The ancient gate of King Amenemhat I is being transported to the Grand Egyptian Museum (GEM) from its original location to join other artefacts in preparation for the new museum's scheduled opening next year.
Tarek Tawfik, supervisor-general of the GEM, told Al-Ahram Online Wednesday that the gate would be put on display at the museum’s grand staircase along with the colossus of King Ramses II and other gigantic monuments.
Mostafa Waziri, secretary-general of the Supreme Council of Antiquities, explained that the gate was carved from red granite and engraved with hieroglyphic inscriptions, among them the official cartouche of King Amenemhat I and his different titles. The gate was uncovered by an Austrian mission in the Ezbet Helmi area of Tel Al-Dabaa in Egypt's Nile Delta. It weighs six tonnes and is supported by a vertical stone lintel which is inscribed with hieroglyphic text.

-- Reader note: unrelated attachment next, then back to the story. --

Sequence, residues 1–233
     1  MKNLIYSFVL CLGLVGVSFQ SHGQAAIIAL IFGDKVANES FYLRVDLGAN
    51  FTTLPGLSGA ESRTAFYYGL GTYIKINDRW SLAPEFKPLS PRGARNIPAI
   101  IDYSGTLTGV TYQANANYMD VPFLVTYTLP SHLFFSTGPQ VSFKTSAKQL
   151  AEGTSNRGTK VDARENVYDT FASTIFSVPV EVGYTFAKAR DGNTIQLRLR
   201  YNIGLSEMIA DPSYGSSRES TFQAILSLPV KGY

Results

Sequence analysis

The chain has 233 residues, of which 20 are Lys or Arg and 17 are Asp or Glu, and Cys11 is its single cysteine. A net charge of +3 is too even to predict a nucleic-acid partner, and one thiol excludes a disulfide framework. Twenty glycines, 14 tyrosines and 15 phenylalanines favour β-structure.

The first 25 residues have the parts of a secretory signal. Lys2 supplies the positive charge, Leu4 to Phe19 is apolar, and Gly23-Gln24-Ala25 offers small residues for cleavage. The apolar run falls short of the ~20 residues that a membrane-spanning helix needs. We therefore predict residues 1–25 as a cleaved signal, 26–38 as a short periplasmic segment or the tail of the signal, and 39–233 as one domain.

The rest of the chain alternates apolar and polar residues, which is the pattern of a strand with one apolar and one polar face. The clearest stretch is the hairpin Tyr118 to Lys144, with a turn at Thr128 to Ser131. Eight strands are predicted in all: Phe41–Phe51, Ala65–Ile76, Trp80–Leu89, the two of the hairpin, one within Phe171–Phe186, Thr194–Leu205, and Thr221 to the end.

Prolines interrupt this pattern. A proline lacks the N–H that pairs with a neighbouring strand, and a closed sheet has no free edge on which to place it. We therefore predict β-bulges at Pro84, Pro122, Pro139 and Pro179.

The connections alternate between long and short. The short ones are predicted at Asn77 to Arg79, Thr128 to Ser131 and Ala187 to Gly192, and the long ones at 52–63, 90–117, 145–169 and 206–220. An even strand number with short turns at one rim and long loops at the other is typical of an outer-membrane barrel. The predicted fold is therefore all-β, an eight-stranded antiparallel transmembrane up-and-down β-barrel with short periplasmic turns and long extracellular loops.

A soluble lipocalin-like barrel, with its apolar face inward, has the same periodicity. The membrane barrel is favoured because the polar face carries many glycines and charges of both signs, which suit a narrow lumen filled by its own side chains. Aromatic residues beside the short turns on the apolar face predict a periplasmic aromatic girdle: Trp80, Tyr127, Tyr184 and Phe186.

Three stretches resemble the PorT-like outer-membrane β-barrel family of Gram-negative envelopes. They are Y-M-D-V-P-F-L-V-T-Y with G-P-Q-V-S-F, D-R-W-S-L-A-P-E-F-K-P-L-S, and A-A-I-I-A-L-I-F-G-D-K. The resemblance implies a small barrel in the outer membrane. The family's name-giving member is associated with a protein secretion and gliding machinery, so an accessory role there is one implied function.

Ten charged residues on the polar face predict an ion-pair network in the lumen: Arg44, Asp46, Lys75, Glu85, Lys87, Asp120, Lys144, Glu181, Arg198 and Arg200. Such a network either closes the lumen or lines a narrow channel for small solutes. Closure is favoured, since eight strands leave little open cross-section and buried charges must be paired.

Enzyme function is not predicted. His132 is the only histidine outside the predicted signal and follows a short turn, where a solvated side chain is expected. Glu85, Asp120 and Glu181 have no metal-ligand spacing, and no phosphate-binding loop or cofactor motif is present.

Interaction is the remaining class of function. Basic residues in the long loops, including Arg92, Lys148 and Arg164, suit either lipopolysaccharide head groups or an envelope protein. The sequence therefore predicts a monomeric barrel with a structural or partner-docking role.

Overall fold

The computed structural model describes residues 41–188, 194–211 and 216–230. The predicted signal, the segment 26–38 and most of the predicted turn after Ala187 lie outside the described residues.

Zidan during packing process
Eissa Zidan, the director of first-aid restoration at the GEM, said that prior to the move, the gate was subjected to essential restoration work, using scientific methods to pack and transport the items. He said the artefact would undergo further restoration at the GEM.
King Amenemhat I reigned from 1991 – 1962 BC and was the first ruler of ancient Egypt's Twelfth Dynasty, which is considered by scholars to be the golden age of the Middle Kingdom.